augmenting-the-bodyAugmenting the Body is an interdisciplinary medical humanities project based at the University of Leeds, exploring questions of disability, bodily extensions, care and the posthuman. Launching in Autumn 2016, the first phase of the project is a University-funded Sadler Seminar Series. The series will feature a diverse lineup of speakers from fields including medicine/healthcare, cultural/literary studies, digital performance studies, engineering, and law. The seminar series will run throughout the 2016-2017 academic year.

Body augmentation takes many forms, whether personal adaptation or the rehabilitation of those with disabilities, and ranges across the physical, cognitive, philosophical and technological. The Sadler Seminars will develop an interdisciplinary perspective on this broad field of practice. We will discuss a number of issues – the design and use of augmentation/adaptive technologies, the experience of having/living with augmentations, and the cultural representations and understandings of these interactions – central to the imagination and rehabilitation of the augmented self.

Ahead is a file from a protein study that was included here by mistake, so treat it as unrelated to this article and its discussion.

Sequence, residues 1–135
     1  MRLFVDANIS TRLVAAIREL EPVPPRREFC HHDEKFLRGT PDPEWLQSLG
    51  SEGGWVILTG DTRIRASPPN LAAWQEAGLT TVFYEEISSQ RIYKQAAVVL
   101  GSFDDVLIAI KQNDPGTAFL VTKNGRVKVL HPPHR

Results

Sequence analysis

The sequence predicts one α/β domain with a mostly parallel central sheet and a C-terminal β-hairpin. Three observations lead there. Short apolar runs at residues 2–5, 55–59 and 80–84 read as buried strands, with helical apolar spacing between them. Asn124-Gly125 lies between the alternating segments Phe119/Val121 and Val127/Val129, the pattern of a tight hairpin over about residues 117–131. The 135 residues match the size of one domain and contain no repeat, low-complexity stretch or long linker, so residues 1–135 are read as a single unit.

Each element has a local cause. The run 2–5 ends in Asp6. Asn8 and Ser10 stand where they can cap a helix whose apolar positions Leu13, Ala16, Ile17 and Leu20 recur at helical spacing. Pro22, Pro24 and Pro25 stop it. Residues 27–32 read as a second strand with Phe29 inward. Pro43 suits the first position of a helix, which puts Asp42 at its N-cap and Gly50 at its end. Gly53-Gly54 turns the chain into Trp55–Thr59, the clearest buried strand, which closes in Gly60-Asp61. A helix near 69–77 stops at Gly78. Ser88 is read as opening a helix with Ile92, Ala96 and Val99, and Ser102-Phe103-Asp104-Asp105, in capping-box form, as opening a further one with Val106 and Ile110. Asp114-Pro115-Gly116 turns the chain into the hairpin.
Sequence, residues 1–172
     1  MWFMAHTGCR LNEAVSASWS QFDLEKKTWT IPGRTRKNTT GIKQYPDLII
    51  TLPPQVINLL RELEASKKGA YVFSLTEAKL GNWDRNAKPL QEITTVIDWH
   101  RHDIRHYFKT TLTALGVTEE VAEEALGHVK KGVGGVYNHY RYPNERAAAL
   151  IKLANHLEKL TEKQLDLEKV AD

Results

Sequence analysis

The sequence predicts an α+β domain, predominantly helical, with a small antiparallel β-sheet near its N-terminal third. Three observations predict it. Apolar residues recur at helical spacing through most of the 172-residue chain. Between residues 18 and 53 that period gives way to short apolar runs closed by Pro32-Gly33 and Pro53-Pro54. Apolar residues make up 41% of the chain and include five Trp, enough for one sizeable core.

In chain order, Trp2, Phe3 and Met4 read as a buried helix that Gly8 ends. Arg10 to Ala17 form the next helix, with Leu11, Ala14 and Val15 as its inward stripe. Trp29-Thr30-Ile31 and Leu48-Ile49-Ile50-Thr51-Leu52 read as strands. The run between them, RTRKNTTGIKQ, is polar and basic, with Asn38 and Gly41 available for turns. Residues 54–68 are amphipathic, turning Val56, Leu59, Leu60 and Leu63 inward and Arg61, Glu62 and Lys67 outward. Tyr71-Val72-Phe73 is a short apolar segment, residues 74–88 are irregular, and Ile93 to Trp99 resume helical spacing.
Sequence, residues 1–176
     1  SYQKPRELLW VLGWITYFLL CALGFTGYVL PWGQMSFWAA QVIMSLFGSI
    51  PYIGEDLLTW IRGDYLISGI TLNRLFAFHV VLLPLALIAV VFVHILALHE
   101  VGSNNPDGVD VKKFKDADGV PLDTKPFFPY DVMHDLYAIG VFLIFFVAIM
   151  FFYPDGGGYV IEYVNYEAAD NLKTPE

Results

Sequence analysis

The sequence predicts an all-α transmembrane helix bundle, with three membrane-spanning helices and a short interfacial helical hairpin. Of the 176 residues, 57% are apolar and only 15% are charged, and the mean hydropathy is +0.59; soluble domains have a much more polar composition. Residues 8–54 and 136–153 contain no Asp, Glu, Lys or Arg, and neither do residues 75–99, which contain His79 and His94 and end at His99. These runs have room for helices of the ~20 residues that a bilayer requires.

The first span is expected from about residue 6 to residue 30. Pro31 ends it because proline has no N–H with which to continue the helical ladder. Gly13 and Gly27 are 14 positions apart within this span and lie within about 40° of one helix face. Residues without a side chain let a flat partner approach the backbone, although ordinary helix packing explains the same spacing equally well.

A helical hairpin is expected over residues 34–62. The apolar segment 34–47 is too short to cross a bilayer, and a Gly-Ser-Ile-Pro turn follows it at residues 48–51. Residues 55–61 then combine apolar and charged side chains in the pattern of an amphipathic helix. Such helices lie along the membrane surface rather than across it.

The series will explore the ways cultural and theoretical ideas of embodiment meet the practicalities of engineering design and product use, to suggest critical avenues that can lead to the development of better adaptive/rehabilitation technologies. The Autumn semester seminars are as follows:

Tuesday 18th October 2016, 2pm

Augmentation, Disability and Embodiment

Speakers: Professor Sarah Whatley and Kate Marsh (Coventry)

Monday 7th November 2016, 2pm

Redesigning the Human

Speakers: Professor Tony Prescott and Dr Michael Szollosy (Sheffield), Dr Andrew Cook (Dundee)

Monday 5th December 2016, 2pm

Disability and the DisHuman

Speakers: Professor Dan Goodley and Dr Kirsty Liddiard (Sheffield), Dr Angharad Beckett (Leeds)

Seminars take place three times per semester. All events take place in Seminar Room 2, Leeds Humanities Research Institute, 29-31 Clarendon Place, Leeds, LS2 9JT – see here for directions.

Please check the Leeds Humanities Research Institute for the latest information, or for further details, contact Dr Sophie Jones on

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